Skip to content

Is Your Customer Buying What You Are Selling?

by David Brock on December 17th, 2010

Sales professionals get paid and measured on the products and services they sell.  But is that what your customers are buying?

Within our companies, everything we focus on is our products.  Do they have the features and functions needed, how do they compare to competition, how are they positioned in the markets, how should they be priced.  Product managers, marketing,sales, everyone talks about our products.  Ultimately, we hope to get purchase orders and we ship our products.

But are our customers really buying our products?  Just because that’s what we happen to ship, is that really what our customers are buying?

There’s the very old story, “A customer doesn’t want to buy a drill, what they want to buy is a certain type of hole in their wall–the drill is just one of the methods that create holes in walls.”  Simple concept, but if we manufacture drills, we forget to talk about the holes they create, but focus on the drills—variable speed, reversible, cool blue color, light weight, and so forth.  The customer is just thinking, “how do I put a hole in the wall.”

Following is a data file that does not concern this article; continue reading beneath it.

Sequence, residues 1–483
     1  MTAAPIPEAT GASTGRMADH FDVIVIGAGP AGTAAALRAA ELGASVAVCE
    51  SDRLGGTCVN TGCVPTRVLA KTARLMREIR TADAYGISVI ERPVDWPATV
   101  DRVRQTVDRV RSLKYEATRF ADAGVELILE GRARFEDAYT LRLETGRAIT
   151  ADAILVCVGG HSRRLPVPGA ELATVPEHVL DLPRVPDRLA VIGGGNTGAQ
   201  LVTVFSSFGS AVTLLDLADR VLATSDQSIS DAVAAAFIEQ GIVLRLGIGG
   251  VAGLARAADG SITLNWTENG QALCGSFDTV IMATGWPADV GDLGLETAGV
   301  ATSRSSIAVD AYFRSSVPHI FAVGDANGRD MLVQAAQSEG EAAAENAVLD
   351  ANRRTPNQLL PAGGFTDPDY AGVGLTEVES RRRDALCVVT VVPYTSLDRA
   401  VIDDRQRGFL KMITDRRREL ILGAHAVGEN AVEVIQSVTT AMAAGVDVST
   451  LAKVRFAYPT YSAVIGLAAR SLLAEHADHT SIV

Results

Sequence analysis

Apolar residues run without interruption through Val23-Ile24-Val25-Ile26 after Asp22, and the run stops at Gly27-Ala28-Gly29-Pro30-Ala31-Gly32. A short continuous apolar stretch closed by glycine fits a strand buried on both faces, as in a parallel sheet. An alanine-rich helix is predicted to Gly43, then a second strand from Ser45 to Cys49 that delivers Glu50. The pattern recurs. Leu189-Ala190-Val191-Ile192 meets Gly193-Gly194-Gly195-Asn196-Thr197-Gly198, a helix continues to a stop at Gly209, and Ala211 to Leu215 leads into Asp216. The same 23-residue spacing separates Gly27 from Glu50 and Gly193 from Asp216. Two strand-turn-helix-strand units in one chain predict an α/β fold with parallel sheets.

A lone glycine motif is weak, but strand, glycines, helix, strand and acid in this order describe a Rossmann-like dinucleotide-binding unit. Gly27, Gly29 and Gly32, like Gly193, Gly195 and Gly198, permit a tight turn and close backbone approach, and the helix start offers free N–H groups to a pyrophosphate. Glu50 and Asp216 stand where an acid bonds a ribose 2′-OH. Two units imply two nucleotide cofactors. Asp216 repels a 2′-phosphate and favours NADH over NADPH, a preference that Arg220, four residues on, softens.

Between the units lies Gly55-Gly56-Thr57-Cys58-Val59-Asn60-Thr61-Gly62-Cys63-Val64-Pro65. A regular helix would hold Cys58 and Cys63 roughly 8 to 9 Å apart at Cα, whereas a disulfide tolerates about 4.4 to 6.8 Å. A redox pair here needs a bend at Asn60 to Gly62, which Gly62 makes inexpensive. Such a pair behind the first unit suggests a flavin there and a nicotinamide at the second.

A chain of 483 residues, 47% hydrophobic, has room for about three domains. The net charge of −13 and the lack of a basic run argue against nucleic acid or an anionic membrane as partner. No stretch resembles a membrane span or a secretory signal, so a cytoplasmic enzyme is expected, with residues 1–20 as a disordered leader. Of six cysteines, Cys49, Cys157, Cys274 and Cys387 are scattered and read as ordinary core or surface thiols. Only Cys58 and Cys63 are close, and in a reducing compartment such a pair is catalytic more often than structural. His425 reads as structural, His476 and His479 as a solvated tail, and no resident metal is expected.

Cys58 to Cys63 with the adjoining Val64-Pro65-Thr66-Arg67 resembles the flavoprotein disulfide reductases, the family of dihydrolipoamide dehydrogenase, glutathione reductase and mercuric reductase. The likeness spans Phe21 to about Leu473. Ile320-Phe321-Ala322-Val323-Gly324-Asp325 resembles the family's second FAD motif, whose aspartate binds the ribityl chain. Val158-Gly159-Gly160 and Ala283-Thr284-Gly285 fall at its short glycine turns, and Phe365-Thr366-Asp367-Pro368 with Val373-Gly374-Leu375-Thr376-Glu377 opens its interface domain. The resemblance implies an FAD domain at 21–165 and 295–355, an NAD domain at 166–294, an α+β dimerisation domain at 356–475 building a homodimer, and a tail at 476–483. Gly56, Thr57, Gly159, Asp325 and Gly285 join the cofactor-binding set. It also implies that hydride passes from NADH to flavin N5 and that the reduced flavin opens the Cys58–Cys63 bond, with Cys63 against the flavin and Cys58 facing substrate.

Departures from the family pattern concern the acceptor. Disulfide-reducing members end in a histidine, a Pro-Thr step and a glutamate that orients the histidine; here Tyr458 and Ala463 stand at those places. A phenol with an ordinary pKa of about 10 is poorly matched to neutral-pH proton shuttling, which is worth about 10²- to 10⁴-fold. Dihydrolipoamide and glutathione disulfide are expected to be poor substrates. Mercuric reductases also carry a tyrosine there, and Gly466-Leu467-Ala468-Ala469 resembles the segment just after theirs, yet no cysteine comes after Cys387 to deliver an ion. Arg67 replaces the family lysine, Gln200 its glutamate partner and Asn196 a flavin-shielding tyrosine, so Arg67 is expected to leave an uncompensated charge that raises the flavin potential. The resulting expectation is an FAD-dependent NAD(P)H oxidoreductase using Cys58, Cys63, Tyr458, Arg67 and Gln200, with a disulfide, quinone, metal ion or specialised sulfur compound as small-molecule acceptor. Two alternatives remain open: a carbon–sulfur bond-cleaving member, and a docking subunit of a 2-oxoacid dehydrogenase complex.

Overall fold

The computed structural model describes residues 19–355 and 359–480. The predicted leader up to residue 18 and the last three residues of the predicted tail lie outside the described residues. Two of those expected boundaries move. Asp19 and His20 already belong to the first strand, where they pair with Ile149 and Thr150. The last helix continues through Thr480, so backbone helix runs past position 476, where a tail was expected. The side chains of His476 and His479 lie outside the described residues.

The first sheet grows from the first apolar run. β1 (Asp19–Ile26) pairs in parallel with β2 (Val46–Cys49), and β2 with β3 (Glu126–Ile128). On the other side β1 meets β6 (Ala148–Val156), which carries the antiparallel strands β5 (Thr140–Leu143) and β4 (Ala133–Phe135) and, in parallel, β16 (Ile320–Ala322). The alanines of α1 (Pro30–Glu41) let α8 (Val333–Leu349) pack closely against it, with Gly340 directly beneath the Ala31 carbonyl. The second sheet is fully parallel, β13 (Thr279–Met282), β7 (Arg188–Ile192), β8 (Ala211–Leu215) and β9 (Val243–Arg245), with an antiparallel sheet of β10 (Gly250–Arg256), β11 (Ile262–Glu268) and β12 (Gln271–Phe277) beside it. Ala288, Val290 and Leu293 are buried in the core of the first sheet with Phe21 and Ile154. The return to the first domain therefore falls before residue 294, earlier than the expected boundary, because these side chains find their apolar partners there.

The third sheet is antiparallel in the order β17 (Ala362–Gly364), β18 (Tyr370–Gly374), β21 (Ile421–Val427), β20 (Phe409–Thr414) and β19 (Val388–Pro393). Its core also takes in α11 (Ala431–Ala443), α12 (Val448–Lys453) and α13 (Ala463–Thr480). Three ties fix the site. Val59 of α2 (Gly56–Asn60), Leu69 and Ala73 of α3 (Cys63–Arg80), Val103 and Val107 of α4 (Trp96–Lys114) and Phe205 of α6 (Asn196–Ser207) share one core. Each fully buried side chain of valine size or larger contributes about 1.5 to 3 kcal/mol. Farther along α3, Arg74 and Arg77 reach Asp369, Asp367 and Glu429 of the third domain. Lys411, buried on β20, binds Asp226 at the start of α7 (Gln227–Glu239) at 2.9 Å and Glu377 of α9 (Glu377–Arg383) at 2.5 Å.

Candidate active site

Today we wrap a lot of fancy words around this concept, we call it the customer buying experience.  I think it’s a critical concept.  I think it’s a much richer way of thinking about hole’s in the wall.

The customer buying experience starts with what the customer wants to achieve, but it becomes much richer than just the end goal–the hole in the wall.  The customer buying experience looks at the whole (meaning complete as opposed to hole–sorry, couldn’t resist) process the customer has to go through to get fulfill their goal.

If we are going to be successful in maximizing our sales and share of our products, we can’t focus on our products, but on the whole customer buying experience–designing and “pricing” that experience to be superior to all alternatives the  customer might consider.

For example, if I want to purchase a hole in the wall, I might consider a number of alternatives.  I could call “Joe.”  He’s our local handyman, has done a lot of work for us, and I know that he has devices that creates holes in walls.  But then, Joe is sometimes hard to reach, he’s busy, sometimes he takes mornings off to go surfing, generally, he doesn’t like being bothered to create just one hole in my wall.  If I persist, Joe will respond, with a proposal to create a high quality hole in the specified location on a certain date, for a certain price.  The date may be far past when I really want it, the price may be a little high, but I know Joe will do a good job and he always cleans up.